May is National Salsa Month. Most people think of salsa as red; but how about green salsa?
Some people think, logically, that salsa verde—green salsa—is made with green tomatoes (photo #1).
Actually, it’s made with tomatillos toe-mah-TEE-yoes, a distant cousin of the tomato, a green berry the size of a small cherry tomato. It grows covered in a papery husk (photo #3), like the cape gooseberry (a.k.a. ground cherry).
A tomatillo does look a bit like a little green tomato, but the comparison ends there. The tomatillo is naturally tart, compared with the sweetness of a tomato.
Both plants developed in Mexico, but they are not close cousins. Both are in the Nightshade family*, It’s not in the same genus as tomatoes, though both are in the nightshade family (along with eggplants and peppers).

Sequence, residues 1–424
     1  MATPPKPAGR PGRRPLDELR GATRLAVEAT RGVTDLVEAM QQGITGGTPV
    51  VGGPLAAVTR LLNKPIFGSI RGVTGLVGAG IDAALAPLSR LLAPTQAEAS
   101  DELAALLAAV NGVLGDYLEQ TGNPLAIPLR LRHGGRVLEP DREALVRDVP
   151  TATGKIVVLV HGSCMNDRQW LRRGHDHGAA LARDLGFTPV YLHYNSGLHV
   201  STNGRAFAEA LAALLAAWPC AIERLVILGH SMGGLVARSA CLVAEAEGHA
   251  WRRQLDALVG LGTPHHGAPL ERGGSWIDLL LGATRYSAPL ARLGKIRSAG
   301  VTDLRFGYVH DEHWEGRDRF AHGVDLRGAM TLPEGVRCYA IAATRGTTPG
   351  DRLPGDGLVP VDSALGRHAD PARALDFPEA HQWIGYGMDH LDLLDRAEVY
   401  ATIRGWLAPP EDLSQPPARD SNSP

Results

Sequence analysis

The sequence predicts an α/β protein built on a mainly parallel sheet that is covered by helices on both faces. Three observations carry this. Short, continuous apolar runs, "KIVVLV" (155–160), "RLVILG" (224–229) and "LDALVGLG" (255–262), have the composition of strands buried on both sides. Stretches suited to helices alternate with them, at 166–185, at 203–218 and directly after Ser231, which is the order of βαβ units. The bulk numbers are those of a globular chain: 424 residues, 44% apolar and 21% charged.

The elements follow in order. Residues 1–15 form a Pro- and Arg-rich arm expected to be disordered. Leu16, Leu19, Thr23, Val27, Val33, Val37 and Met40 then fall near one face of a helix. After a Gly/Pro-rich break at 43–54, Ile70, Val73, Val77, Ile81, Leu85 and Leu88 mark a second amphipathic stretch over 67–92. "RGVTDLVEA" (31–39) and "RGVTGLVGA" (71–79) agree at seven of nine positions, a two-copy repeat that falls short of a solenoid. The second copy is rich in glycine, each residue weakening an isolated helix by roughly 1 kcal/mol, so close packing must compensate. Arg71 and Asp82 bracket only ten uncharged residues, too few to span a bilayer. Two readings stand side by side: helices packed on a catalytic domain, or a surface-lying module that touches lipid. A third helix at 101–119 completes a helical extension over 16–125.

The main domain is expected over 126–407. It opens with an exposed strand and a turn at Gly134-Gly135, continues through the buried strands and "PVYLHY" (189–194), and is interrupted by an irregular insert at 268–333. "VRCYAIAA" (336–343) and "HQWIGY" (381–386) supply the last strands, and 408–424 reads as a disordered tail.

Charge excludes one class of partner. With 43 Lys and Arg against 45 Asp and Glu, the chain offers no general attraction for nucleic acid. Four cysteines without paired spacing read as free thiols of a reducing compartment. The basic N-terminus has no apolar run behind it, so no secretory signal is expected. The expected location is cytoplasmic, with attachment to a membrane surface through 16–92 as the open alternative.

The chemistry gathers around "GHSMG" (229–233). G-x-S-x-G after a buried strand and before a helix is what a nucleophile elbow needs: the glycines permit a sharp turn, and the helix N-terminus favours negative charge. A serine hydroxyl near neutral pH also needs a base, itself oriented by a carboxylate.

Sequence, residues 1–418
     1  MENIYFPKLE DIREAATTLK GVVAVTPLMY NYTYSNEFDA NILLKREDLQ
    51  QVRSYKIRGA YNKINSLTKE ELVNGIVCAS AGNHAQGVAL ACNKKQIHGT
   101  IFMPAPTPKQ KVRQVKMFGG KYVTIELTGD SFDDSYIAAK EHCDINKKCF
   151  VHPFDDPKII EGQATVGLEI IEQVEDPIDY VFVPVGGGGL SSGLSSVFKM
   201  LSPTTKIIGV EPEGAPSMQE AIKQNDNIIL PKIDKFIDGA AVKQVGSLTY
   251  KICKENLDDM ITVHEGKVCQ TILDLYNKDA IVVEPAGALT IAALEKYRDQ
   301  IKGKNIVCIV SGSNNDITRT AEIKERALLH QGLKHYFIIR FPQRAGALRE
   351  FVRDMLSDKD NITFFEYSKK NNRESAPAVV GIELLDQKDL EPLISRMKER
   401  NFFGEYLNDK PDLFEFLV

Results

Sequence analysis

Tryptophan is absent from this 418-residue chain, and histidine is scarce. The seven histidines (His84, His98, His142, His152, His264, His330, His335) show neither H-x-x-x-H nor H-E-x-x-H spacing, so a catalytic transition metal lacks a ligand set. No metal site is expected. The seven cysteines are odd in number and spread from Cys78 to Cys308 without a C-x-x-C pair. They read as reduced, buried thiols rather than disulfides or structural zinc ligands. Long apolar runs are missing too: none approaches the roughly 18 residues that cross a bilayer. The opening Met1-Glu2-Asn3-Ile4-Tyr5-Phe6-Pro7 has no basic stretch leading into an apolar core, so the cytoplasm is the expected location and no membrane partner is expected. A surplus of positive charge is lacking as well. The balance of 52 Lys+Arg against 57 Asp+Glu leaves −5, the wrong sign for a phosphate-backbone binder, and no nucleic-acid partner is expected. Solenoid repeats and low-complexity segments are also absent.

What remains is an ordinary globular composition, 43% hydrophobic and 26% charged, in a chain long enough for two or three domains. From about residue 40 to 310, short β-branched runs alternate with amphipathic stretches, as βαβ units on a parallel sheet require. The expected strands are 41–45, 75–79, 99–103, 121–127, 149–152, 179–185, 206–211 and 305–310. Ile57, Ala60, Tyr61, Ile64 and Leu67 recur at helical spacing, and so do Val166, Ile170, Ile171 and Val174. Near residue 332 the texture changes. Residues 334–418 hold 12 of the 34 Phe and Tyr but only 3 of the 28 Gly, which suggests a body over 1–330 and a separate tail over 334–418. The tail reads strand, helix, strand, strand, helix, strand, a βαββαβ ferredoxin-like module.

> HERE’S THE DIFFERENCE BETWEEN TOMATOES & TOMATILLOS
Spanish for “green sauce,” salsa verde is made from a base of tomatillos, seasoned with chiles, cilantro and spices.
A salsa verde can be fresh or cooked. It is typically much thinner than a tomato-based salsa roja, and often used as a sauce instead of a dip.
1. REMOVE the husks from the tomatillos. Rinse well and pat dry.
2. BOIL the tomatillos. Place the tomatillos in a saucepan and cover with water. Bring to a boil and simmer for 5 minutes. Remove the tomatillos with a slotted spoon and pulse in a blender with the other ingredients.
3. SEASON to taste with salt. Chill in the fridge to let the flavors meld.
4. SERVE as a dip with chips, or as a sauce for chicken, fish (photo #2), lamb, pork and vegetables (photo #3).
*While both are members of the Nightshade family, Solanaceae, they have a different genus: Physalis for tomatillos (P. philadelphica) and Solanum for tomatoes (S. lycopersicum).
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